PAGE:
1n the reactor 29 the pulp is treated with chlorine dioxide gas diluted with steam and/or air entering through line 31 in an amount of 0.5 to 1.5 percent by weight of the dry pulp, steam entering through line 30 in an amount sufficient to heat the pulp to a temperature in the range of from 65 to 100 C., air entering through line 30 in an amount sufficient to ensure that the partial pressure of chlorine dioxide gas at no time exceeds 100 mm. of mercury. Contact time between the chlorine dioxide gas and the pulp in reactor 29 is suitably 5 to 45 minutes. At the bottom of the reactor 29 the treated pulp is diluted with water entering through line 33 to a consistency of 0.5 to 3 percent and pumped by pump 34 to a drum washer 35. The washed web from the washer 35 is pressed by press rolls 36 to a consistency of 15 to 30 percent and the high-consistency web passes to a reactor 39 via coarse shredder 37 and comminuting device 38 similar to device 10.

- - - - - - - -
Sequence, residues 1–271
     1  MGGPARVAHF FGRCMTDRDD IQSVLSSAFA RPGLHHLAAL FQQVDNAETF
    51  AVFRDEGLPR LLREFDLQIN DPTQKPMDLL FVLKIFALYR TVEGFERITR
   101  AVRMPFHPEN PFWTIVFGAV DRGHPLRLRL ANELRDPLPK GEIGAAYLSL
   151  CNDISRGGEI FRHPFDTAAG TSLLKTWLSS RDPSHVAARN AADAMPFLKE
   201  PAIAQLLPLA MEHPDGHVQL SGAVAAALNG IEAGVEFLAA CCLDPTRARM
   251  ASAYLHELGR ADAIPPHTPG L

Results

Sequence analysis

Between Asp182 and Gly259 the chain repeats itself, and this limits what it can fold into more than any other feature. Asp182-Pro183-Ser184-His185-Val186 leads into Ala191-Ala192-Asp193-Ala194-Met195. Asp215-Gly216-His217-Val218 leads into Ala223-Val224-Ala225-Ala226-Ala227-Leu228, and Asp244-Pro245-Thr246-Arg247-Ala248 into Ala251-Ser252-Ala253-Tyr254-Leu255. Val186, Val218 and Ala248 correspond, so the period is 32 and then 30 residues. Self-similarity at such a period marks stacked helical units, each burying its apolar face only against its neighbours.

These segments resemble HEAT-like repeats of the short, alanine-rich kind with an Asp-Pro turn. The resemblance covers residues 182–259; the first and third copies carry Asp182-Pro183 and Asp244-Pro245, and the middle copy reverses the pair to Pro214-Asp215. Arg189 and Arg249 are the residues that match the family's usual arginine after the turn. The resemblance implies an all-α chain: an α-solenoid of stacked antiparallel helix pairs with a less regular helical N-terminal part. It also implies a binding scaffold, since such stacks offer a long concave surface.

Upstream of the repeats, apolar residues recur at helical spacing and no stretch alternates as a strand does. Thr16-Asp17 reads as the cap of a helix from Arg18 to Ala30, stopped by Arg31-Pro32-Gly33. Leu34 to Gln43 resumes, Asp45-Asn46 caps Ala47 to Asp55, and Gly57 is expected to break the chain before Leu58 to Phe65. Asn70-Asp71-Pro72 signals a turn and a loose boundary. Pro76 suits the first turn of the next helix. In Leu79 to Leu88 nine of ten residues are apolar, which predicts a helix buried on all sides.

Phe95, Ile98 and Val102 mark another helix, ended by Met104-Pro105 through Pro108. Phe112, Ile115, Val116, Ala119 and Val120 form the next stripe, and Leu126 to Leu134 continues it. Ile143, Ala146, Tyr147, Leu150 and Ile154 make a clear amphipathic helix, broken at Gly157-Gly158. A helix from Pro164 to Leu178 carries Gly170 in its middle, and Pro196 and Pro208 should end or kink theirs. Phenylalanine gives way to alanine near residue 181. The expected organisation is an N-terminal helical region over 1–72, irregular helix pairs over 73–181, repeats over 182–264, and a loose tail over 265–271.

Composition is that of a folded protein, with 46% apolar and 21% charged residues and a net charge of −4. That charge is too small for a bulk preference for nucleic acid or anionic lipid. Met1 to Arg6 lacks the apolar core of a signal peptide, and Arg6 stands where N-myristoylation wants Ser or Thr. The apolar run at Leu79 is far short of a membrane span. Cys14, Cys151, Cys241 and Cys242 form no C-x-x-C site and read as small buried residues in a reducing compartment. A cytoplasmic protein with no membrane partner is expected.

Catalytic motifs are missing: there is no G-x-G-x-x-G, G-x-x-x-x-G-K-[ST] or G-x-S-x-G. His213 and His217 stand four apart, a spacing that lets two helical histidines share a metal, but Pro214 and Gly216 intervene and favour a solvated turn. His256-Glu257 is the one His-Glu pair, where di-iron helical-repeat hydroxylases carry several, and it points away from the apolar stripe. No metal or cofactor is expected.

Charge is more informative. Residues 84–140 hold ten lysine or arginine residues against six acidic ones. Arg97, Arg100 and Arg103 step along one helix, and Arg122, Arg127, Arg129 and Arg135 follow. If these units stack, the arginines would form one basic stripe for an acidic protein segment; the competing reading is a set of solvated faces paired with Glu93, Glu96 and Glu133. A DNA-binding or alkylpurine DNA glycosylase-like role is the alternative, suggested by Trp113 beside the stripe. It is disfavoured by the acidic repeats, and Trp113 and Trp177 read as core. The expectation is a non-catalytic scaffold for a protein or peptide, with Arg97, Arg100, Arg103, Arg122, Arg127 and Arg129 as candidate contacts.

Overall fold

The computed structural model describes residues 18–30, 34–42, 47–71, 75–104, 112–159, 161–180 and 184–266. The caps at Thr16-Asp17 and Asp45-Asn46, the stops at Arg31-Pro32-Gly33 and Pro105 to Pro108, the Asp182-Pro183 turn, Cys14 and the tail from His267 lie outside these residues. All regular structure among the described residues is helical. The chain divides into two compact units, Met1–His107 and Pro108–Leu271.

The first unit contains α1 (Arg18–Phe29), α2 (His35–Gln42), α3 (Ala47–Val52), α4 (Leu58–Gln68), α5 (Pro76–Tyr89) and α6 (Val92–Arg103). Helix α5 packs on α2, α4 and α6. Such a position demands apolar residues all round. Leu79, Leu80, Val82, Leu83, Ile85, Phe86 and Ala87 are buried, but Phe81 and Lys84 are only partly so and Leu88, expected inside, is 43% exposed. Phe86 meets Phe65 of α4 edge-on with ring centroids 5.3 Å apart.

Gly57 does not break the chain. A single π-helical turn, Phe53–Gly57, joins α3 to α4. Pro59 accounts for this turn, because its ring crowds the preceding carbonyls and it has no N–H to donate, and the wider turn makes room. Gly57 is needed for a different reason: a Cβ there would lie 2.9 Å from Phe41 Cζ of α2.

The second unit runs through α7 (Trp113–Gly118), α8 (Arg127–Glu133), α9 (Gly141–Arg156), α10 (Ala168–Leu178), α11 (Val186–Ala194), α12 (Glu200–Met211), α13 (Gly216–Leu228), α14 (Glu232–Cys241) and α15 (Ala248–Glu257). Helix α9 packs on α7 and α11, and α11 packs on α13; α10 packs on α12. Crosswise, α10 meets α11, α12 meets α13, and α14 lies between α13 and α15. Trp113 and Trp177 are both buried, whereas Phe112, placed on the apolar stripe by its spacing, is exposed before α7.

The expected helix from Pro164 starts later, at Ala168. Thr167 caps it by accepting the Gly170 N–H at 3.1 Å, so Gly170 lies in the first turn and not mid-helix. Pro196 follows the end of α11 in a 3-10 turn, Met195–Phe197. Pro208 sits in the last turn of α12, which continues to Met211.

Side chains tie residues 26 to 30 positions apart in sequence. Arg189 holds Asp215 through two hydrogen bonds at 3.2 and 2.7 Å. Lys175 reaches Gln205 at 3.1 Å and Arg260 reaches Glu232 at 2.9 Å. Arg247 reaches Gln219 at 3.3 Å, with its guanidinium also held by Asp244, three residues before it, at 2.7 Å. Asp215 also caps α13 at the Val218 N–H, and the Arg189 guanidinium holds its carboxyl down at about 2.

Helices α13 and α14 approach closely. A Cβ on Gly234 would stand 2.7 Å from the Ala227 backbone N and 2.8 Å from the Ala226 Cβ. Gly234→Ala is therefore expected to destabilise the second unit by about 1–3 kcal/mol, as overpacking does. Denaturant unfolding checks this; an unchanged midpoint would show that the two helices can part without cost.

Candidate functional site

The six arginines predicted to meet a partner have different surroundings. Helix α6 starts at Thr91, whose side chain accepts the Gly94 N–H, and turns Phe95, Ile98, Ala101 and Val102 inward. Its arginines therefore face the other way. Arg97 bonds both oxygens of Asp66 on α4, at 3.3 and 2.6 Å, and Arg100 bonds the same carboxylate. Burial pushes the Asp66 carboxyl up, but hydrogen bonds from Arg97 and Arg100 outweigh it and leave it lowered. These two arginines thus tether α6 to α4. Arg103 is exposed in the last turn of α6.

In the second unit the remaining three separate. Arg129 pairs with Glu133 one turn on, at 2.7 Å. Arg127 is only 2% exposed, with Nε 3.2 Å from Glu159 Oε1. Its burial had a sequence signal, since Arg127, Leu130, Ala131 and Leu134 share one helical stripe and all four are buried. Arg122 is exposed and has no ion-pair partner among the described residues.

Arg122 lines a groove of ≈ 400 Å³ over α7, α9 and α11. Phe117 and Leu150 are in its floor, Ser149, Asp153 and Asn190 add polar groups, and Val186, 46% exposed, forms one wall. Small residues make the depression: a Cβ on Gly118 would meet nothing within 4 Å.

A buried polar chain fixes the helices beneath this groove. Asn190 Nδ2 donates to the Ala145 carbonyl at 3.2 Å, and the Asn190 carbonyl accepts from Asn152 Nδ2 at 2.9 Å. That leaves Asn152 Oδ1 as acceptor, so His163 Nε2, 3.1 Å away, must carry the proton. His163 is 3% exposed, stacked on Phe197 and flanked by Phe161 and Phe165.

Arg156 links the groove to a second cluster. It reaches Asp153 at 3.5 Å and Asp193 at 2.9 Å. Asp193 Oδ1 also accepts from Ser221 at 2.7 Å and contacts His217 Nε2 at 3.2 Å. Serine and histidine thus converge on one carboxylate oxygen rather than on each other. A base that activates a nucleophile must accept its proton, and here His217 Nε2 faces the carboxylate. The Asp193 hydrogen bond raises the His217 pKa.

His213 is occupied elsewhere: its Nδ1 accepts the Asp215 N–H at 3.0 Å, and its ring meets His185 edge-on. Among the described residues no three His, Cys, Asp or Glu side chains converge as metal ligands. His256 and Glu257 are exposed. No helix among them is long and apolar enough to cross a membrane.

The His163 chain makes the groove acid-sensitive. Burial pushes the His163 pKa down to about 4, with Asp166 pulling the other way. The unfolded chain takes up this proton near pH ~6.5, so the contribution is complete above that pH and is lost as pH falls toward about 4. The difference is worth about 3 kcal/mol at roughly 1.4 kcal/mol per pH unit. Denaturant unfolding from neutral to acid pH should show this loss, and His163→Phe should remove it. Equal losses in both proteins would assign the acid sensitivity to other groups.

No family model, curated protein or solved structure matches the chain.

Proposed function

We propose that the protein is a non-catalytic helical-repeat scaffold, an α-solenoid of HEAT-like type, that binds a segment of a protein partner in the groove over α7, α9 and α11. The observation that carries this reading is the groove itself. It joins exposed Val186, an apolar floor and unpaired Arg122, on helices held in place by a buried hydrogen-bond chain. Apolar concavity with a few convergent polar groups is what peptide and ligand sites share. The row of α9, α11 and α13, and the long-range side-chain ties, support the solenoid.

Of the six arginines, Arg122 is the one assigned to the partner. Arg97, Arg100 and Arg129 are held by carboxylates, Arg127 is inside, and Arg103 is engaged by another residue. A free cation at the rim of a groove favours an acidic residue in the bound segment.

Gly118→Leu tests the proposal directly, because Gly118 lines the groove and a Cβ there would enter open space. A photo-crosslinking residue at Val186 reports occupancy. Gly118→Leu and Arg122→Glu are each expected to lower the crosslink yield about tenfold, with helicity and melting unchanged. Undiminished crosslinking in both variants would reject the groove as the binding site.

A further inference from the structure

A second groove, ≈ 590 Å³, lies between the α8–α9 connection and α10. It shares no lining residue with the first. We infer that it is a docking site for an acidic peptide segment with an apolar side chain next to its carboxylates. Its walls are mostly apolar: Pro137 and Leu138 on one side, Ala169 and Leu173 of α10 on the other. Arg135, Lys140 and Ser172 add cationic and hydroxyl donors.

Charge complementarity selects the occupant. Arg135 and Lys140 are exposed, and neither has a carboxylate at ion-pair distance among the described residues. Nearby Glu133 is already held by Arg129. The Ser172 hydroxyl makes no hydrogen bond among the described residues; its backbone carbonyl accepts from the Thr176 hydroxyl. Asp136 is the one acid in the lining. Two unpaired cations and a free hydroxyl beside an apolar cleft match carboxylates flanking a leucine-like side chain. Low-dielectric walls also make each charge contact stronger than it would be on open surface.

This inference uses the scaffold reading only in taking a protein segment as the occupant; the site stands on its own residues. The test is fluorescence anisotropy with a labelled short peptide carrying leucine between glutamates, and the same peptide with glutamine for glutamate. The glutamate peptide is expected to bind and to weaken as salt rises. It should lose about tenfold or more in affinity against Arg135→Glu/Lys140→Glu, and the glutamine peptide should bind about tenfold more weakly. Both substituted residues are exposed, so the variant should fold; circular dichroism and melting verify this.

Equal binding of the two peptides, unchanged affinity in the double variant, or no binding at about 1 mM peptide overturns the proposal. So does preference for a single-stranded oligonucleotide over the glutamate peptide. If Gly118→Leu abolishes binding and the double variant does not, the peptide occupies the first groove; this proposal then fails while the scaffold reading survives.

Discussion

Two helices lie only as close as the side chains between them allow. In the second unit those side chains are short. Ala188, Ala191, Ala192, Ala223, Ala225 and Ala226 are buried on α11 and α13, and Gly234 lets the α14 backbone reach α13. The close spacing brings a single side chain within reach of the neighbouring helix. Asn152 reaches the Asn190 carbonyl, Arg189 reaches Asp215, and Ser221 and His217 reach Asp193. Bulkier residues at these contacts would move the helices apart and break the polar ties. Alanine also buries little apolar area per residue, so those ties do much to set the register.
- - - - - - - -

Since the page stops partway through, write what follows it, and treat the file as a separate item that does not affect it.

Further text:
In the reactor 39 which is similar to the reactor 19 the pulp is treated with gaseous ammonia diluted with steam entering through line 41, the gaseous ammonia being added in an amount from 0.1 to 0.5 percent dry weight of the pulp and steam entering through line 40 to preheat the pulp, the total amount of steam being sufficient to heat the pulp, to a temperature of to C. Contact time is again about 60 seconds. The extracted pulp passes from the reactor 39 to a dilution tank 42 where it is diluted to a consistency in the range 0.5 to 3 percent and pumped by pump 43 to a drum washer 44 from where the washed pulp therefor of a web is dewatered by press rolls 44a to a consistency of 20 to 40 percent and to a reactor 47 via a conventional coarse shredder 45 and comminuting device 46 such as to the device 10.